IMAGE: TURTLES BEING TAKEN TO RELEASE SITE
Earl Nottingham  /  Texas Parks & Wildlife Dept. via AP
Wildlife officials Mike Ray and Melinda Dunks help transport green sea turtles to a release site in the lower Laguna Madre bay near Port Isabel, Texas, on Wednesday.
updated 2/22/2007 2:21:54 PM ET 2007-02-22T19:21:54

About 90 green sea turtles that nearly died from a sudden cold snap last month have been rehabilitated and returned to the waters near South Padre Island.

Scores of volunteers carried the comatose turtles from the beaches and surf during the dramatic rescue. Temperatures in the Laguna Madre bay had dropped 30 degrees in 48 hours during a January weekend, and at least 130 turtles stunned from the cold were rescued the following week. Seven were found dead.

The turtles overwhelmed the tank space at the island's nonprofit Sea Turtle, Inc. turtle rescue agency and the University of Texas-Pan American Coastal Studies Lab, so some were trucked 180 miles to an aquarium and a fish hatchery in the Corpus Christi area.

Jeff George, curator at Sea Turtle Inc., said 42 were released Tuesday and 46 were released Wednesday. He said the ones that remained were still on antibiotics and would be returned to South Padre waters during the summer, equipped with satellite transmitters to help researchers study migration patterns.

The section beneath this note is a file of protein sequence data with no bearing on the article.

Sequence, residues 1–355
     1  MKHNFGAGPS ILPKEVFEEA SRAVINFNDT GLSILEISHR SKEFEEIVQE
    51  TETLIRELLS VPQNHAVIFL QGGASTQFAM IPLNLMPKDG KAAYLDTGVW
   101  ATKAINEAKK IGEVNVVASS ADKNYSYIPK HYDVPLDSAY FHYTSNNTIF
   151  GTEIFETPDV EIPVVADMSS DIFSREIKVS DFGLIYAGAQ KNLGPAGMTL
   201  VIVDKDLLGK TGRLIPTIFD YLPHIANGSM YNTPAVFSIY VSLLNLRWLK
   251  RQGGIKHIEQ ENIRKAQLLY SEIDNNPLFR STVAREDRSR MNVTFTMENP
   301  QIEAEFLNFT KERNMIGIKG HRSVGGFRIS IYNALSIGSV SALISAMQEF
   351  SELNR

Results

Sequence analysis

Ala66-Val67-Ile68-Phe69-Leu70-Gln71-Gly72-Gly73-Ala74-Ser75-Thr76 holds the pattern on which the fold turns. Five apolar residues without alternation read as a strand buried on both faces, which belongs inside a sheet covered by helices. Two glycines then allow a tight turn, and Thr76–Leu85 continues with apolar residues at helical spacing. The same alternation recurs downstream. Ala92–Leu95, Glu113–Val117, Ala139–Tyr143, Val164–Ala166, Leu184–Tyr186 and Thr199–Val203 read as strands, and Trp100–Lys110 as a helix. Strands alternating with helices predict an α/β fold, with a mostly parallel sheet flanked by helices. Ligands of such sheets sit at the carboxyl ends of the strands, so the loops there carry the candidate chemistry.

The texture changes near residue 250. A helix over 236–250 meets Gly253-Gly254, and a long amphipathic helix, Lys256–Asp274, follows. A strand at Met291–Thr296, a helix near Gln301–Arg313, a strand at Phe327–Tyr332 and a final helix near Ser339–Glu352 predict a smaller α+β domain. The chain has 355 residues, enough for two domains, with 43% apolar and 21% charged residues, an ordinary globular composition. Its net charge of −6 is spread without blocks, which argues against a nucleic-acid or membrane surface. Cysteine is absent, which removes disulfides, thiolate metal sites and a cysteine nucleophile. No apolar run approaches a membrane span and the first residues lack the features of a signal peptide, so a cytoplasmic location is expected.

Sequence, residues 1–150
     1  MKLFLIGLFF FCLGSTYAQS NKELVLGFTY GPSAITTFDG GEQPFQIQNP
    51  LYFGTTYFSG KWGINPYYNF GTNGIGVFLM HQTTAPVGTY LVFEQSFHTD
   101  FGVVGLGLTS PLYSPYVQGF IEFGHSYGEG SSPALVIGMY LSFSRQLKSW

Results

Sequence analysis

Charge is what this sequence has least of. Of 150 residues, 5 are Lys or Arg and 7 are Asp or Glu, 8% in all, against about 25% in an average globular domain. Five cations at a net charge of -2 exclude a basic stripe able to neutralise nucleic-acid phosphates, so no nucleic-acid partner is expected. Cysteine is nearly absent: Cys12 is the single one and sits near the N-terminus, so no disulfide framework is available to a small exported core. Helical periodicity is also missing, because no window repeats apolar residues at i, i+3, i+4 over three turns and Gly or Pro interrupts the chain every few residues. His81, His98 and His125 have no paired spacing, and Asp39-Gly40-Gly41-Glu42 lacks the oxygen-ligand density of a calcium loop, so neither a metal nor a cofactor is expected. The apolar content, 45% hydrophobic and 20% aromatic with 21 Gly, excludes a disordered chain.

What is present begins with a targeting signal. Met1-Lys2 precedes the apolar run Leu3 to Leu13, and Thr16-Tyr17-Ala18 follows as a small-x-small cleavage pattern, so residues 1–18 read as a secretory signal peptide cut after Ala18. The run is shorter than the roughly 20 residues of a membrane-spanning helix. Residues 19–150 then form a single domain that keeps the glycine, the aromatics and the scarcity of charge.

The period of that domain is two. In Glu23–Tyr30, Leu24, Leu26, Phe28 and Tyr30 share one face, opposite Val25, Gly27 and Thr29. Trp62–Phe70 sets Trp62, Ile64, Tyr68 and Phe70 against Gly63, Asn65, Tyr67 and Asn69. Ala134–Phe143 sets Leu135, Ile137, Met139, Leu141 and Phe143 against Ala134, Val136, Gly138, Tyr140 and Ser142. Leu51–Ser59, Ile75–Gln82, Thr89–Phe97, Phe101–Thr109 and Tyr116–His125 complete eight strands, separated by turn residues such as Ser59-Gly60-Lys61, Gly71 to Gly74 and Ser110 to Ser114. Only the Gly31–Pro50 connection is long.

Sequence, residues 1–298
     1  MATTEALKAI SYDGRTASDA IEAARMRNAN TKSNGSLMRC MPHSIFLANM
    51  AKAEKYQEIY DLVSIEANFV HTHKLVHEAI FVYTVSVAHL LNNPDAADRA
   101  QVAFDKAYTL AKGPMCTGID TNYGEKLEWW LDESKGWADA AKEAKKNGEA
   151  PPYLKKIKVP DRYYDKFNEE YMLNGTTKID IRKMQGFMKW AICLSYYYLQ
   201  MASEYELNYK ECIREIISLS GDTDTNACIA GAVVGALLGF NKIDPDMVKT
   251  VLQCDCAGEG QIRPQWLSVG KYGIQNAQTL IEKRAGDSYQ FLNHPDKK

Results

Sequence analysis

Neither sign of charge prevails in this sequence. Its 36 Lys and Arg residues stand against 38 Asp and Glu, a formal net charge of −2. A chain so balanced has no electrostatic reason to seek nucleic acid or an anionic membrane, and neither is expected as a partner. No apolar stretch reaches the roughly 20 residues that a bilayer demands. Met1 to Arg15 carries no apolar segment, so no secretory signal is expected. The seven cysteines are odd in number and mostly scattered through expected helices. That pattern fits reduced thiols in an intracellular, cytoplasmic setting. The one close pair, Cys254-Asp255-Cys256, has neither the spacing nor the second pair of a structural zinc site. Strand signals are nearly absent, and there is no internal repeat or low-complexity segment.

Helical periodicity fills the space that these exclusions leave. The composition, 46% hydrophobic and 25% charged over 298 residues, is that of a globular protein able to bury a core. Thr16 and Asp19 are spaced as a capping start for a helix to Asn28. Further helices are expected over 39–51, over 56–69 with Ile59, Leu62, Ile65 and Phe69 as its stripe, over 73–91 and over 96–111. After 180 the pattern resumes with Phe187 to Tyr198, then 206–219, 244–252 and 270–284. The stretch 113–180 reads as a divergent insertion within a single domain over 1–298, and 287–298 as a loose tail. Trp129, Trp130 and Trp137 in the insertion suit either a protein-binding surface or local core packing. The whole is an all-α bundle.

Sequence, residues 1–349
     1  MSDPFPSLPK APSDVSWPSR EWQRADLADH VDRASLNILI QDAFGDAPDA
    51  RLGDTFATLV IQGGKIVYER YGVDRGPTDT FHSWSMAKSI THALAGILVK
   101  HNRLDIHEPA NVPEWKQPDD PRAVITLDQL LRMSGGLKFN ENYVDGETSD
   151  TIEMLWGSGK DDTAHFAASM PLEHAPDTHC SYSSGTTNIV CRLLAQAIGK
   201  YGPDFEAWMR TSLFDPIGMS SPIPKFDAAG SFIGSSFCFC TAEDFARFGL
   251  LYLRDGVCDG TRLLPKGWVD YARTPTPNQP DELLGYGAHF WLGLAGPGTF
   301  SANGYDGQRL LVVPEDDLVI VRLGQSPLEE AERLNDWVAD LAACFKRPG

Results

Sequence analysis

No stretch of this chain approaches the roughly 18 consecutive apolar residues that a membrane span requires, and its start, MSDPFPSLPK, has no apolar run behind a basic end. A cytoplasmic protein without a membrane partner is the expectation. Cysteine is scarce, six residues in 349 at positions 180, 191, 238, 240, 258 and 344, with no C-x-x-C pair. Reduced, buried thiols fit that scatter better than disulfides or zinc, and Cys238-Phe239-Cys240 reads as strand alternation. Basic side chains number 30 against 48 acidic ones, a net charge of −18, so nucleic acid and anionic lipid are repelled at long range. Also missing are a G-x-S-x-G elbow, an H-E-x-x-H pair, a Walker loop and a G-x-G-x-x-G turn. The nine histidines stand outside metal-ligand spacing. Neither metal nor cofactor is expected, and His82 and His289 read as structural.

He said it had been time to return the turtles to their habitat, and water temperatures are warmer off South Padre Island than near Corpus Christi.

"Turtles don't get along very well in confined areas and I'm sure they had turtles nipping on other turtles," he said.

George said researchers' interest was piqued by the wash-up of some unusually large turtles.

"We don't usually see greens in the 200-pound range in the Laguna Madre," he said. "It means they're close to sexual maturity and should be migrating back to beaches in southern Mexico."

Green turtles are born in southern Mexico and spend their early years feeding on turtle grass in shallow areas such as the Laguna Madre.

They return to Mexican waters when they are mature and can grow to 500 pounds.

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